Missouri Alluvial

Stephen J. Dinsmore

Missouri Alluvial Floodplain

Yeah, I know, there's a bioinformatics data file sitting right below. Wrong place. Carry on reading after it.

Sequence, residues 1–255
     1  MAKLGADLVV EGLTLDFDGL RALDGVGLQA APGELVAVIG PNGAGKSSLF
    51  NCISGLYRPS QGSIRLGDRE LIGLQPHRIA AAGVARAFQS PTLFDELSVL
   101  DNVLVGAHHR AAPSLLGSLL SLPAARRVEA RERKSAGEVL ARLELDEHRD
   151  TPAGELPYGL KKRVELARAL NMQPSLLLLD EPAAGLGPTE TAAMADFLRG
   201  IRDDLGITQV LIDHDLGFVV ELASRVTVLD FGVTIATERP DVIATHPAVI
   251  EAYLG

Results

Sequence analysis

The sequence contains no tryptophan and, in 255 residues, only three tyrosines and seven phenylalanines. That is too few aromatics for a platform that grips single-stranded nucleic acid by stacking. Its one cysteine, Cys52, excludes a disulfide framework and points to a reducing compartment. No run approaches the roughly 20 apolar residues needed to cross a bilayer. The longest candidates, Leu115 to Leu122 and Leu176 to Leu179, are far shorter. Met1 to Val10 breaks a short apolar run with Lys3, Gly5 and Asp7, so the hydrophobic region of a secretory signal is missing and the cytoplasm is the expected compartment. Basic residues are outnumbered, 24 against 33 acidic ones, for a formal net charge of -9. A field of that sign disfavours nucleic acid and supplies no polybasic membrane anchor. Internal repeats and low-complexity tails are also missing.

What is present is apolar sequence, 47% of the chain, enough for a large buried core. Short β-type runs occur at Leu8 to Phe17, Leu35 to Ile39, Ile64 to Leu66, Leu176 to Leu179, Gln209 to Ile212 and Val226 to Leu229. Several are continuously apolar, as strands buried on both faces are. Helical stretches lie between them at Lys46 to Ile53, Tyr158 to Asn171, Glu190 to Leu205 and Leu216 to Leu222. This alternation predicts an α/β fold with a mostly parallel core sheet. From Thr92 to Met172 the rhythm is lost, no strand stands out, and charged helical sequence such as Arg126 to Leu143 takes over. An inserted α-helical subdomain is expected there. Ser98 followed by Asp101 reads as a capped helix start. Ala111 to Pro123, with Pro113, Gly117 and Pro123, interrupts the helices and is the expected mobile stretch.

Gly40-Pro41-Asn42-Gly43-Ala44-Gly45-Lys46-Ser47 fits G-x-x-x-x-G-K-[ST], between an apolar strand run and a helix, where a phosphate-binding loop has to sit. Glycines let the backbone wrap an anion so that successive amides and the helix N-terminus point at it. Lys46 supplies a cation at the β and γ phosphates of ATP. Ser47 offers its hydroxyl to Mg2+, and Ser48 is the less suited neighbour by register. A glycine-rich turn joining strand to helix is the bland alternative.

This Missouri Alluvial Floodplain landform is characterized by low relief and periodic disturbance from flooding and forms the southwestern two thirds of Iowa’s border. Like it’s eastern counterpart, the Mississippi Alluvial Floodplain, it was formed from glacial meltwater when rivers carved valleys and partially filled them with layered deposits of gravel, sand, silt, and clay. The region also has a striking eastern border in the Loess Hills, which was created by wind-blown soil (loess) from the Missouri River floodplain. A characteristic of this region is that Missouri River spring floods often inundate low areas, causing soil erosion and deposition, resulting in a channel that historically meandered throughout the floodplain. Channelization has shortened the river, increased the speed of water flow, and greatly reduced oxbow and backwater habitats. Much of the floodplain is row-crop agriculture, although numerous shallow wetlands exist. Nonetheless, this remains a unique landform with respect to its birdlife. Historically, sandbars on the Missouri River hosted breeding Piping Plover and Least Tern, and both species continue as rare breeders. Floodplain forests are dominated by cottonwood and typical breeding species include Yellow-billed Cuckoo, Red-headed Woodpecker, Eastern Wood-Pewee, Warbling Vireo, House Wren, Yellow Warbler, Eastern Towhee, and Orchard Oriole. The intensive row-crop agriculture between the river and the base of the Loess Hills hosts breeding Upland Sandpiper, Western Kingbird, Bell’s Vireo, Cliff Swallow, Lark Sparrow, Blue Grosbeak, and Dickcissel. The few remaining wetlands have nesting waterfowl, Least Bittern, Marsh Wren, and Yellow-headed Blackbird.